ICI pension fund wants to be wooed by potential suitors
NETHERLANDS/UK - The £6.5bn (€9.63bn) Imperial Chemical Industries (ICI) pension fund is warning it expects ICI bidders to engage in up-front talks with the scheme, following failed takeover talks with Dutch paints major Akzo Nobel.
Akzo Nobel did not approach the pension fund trustees during the informal talks with the troubled British chemicals firm.
"If people were looking at ICI, then an early dialogue with pension fund trustees would be most welcome," the fund said.
The fund has is arguing it needs dialogue with potential bidders because in the case of a highly leveraged bid, where the pension fund guarantees offered are not as good as they are with the current corporate sponsor, the fund would have to change its investment policy and this would have an automatic effect on deficit calculations.
"In that situation it makes sense for early dialogue to happen," according to the fund.
The fund, which had a deficit of £840m according to ICI's Q1 result, has not been approach by any other parties.
At the same time, Akzo Nobel has declined to comment whether it would now enter into further talks with ICI.
ICI confirmed today its board rejected Akzo Nobel's takeover bid valued at £7.2bn as too low, triggering the prospect of competitive bids from German rival BASF, the American DuPont or Dow Chemical.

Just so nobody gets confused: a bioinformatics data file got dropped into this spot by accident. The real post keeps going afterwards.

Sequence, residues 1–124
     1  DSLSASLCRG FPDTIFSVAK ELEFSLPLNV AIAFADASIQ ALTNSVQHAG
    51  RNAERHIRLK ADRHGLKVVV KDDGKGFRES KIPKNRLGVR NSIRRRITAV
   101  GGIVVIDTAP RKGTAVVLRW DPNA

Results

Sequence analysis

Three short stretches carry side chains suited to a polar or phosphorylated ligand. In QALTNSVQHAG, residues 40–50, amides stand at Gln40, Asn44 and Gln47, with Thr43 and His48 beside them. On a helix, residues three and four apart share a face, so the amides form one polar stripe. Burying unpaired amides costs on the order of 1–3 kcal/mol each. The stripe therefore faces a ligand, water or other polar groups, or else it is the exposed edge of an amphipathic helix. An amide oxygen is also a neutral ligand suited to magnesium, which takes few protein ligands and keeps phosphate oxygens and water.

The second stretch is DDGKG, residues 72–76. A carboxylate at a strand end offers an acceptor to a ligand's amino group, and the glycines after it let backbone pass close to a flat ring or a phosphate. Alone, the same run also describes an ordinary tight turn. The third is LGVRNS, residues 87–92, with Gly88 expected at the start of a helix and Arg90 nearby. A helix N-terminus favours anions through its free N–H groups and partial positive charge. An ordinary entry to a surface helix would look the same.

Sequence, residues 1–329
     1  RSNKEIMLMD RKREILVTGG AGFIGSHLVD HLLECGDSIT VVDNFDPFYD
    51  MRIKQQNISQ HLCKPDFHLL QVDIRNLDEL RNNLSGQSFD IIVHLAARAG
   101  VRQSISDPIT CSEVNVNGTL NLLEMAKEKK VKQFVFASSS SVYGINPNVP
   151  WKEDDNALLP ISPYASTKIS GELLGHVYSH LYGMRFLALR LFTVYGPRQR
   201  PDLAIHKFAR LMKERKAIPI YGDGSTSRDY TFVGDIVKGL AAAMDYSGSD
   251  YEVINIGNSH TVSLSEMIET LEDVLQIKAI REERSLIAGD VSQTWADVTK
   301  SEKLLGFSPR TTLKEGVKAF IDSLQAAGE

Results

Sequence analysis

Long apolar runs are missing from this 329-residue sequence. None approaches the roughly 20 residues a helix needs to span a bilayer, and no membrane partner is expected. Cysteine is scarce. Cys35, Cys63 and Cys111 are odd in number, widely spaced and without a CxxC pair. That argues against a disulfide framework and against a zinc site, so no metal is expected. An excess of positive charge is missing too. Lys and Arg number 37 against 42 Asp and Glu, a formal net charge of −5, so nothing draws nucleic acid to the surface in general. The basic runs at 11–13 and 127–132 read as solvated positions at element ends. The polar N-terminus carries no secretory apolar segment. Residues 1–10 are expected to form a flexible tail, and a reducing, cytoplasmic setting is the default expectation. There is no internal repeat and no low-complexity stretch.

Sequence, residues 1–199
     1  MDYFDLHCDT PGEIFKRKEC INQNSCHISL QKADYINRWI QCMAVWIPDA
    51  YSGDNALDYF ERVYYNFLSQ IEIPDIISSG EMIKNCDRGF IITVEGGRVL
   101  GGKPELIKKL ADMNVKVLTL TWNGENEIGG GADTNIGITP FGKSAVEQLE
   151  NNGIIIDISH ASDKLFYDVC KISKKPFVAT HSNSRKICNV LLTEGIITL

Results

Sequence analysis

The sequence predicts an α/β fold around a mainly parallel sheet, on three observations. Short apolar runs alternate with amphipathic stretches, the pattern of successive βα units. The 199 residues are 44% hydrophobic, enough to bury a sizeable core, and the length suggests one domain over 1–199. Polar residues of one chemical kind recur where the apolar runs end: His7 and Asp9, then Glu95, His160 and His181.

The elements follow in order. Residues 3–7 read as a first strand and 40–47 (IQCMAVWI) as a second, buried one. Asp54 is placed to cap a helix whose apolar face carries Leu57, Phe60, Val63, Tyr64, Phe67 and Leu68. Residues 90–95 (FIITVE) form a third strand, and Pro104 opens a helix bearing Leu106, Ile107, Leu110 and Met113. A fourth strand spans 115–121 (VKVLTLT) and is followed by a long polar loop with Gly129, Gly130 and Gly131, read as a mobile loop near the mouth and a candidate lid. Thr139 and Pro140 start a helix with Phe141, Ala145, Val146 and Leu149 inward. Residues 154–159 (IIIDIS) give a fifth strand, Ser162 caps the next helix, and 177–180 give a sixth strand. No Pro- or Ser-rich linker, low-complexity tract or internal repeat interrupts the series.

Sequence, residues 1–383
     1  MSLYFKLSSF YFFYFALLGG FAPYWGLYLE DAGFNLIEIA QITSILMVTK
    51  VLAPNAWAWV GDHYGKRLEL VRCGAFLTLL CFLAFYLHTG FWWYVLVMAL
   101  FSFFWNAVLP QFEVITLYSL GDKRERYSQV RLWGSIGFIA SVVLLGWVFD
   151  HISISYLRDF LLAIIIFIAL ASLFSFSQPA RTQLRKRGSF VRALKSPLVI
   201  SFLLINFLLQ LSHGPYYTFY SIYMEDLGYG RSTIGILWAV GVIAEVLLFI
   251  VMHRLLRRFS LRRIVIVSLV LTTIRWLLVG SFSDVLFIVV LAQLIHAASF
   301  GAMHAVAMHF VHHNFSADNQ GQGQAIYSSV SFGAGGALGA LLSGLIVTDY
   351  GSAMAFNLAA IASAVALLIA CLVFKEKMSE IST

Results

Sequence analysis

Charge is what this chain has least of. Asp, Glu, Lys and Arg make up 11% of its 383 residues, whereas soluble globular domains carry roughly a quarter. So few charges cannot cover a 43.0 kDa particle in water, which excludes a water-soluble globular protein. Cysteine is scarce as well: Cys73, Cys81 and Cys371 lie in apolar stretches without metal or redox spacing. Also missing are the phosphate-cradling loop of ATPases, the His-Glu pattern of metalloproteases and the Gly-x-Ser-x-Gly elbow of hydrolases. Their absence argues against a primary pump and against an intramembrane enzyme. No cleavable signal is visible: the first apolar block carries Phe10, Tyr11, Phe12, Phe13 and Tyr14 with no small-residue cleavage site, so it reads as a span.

All three firms declined to comment whether they have or would make a bid or confirm if they would approach pension fund trustees for up-front talks for in the case of a takeover bid.
Elsewhere, Lane Clarke & Peacock (LCP) has argued pension scheme trustees need to be informed very early in the negotiation stage of a possible merger.
The company made the remark to IPE in an interview on pension issues in M&A deals.
"It has to be kept in mind that trustees might need to appoint an adviser," LCP's Michael Berg said. "They have to have time to increase their own understanding of consequences of the merger."
He said increasingly pension fund issues are increasingly the first subject to be discussed in merger negotiations but added pension fund issues can sometimes be deal-breakers.
"That does not mean that the pension issue ends there but sometimes the deal ends there," said Berg.